Survey examined dog owners’ pet food beliefs

A media outlet that focuses on dogs conducted a survey about readers’ confidence in the safety and nutritional value of dog foods.

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(Monica Click |
(Monica Click |

A media outlet that focuses on dogs, iHeartDogs, conducted a survey of approximately 1,700 of their readers about their confidence in the safety and nutritional value of dog foods.

Since survey respondents were a self-selected group that read a particular media outlet, as opposed to a random sample, the results may not represent the total population of dog owners. However, the survey may provide insight into the opinions of certain dog owners, some of which may be engaged consumers.

Dog food survey results

More than half of the readers who responded to the survey said that they are “Not Confident” in the ability of major market pet food brands to deliver quality, safe pet food products for their dogs, according to a press release from iHeartDogs.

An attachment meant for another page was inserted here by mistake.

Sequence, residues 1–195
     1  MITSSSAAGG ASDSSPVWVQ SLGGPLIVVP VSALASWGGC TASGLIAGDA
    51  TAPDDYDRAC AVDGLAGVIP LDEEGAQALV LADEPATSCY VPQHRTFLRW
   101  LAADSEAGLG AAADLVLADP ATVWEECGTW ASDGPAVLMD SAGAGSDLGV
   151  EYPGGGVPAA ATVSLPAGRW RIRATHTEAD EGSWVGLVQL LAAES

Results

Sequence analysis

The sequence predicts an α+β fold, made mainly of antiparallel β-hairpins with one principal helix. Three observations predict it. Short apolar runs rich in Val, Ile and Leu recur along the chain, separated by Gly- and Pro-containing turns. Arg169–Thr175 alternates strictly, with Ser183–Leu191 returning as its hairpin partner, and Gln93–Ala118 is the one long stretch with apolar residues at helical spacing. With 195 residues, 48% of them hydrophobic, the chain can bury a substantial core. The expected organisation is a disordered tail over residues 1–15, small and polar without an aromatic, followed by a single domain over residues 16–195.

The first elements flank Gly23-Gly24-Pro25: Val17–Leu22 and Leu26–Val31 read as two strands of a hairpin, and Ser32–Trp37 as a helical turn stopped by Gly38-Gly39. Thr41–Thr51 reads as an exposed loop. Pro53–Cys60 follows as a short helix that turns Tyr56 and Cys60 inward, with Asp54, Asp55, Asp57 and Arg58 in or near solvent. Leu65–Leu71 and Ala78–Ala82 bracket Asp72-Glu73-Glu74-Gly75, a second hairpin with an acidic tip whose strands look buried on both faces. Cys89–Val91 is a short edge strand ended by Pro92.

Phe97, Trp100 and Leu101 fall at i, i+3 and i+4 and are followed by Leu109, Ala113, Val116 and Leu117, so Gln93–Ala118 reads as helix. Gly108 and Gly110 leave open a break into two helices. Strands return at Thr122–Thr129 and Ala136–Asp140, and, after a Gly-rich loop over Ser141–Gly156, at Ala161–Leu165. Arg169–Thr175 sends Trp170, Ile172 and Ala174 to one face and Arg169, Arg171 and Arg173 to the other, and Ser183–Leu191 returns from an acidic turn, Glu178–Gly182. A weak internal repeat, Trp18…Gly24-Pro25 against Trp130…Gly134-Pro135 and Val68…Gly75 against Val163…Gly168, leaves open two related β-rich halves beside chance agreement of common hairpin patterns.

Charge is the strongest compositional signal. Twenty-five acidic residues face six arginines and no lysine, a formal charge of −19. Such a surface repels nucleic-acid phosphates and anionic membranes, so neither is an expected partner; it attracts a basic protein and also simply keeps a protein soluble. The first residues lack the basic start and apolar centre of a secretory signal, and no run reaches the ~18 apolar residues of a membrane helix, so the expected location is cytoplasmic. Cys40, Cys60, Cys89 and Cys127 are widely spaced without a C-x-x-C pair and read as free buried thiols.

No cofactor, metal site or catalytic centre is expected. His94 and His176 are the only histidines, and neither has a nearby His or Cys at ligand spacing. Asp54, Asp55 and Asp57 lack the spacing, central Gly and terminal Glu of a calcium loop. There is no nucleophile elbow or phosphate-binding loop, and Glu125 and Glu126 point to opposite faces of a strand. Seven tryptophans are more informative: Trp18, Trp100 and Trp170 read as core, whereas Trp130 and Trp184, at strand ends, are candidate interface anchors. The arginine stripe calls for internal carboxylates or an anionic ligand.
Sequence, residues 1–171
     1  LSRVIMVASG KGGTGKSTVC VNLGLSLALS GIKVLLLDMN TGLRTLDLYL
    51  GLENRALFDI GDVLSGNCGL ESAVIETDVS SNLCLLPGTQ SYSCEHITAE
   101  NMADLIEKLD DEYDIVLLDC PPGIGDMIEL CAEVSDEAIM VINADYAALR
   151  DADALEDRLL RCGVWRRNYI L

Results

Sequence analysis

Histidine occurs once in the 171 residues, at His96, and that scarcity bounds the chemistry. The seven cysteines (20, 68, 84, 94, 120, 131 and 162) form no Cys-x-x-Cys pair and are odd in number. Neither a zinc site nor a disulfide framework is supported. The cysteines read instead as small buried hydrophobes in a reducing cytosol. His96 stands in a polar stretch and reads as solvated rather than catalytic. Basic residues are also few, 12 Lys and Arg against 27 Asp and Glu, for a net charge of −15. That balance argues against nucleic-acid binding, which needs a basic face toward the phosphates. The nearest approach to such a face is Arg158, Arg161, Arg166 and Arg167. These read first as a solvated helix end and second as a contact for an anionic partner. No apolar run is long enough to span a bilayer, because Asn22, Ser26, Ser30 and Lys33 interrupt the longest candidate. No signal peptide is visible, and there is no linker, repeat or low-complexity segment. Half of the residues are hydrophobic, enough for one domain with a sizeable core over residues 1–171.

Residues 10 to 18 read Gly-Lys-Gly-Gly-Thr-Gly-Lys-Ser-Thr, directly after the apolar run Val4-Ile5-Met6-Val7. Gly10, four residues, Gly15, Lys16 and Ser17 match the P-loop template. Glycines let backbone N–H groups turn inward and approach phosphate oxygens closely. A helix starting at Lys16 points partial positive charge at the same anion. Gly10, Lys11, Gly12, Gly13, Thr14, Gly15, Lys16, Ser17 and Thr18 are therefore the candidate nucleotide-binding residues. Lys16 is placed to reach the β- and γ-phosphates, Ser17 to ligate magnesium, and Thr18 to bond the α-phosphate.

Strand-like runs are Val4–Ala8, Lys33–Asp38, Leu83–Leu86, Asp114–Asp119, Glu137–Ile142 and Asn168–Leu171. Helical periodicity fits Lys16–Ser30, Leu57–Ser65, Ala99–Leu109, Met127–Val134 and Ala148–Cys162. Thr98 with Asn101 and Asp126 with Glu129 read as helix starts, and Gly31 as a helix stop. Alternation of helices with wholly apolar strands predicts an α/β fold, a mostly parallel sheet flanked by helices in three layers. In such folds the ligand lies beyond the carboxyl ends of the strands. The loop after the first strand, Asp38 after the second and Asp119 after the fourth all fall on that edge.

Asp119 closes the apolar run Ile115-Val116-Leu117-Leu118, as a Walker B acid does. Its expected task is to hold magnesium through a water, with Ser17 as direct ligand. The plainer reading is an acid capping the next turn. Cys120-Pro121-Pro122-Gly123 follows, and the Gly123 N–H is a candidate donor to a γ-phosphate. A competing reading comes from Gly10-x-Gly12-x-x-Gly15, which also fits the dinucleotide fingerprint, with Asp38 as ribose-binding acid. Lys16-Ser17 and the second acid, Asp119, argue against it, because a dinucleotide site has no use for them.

Nearly 85 percent of the consumers polled admitted to feeling that pet food manufacturers do a poor job of educating their customers about nutrition and pet health.

The majority of consumers (55 percent) reported purchasing their pet food from pet supply stores that offer a wide selection of diets to fit many different needs and price ranges. An additional 25 percent reported relying on grocery stores and discount shops for their pet food purchases.

Only about 10 percent of the survey participants purchase their pet food from a licensed veterinarian.

When it comes to questions and advice on nutrition, more than 40 percent of the 1,700 readers who responded said that they turn to their vet. An additional 40 percent sought information on Google and trusted websites.

Only about 5 percent reported seeking advice directly from the pet food companies.

The final survey question sought to gauge our readers’ confidence in their own ability to make choices about their pets’ diets. Most survey participants reported that they were at least “Slightly Confident” in their selections. Less than 5 percent stated that they were “Not Confident At All.”

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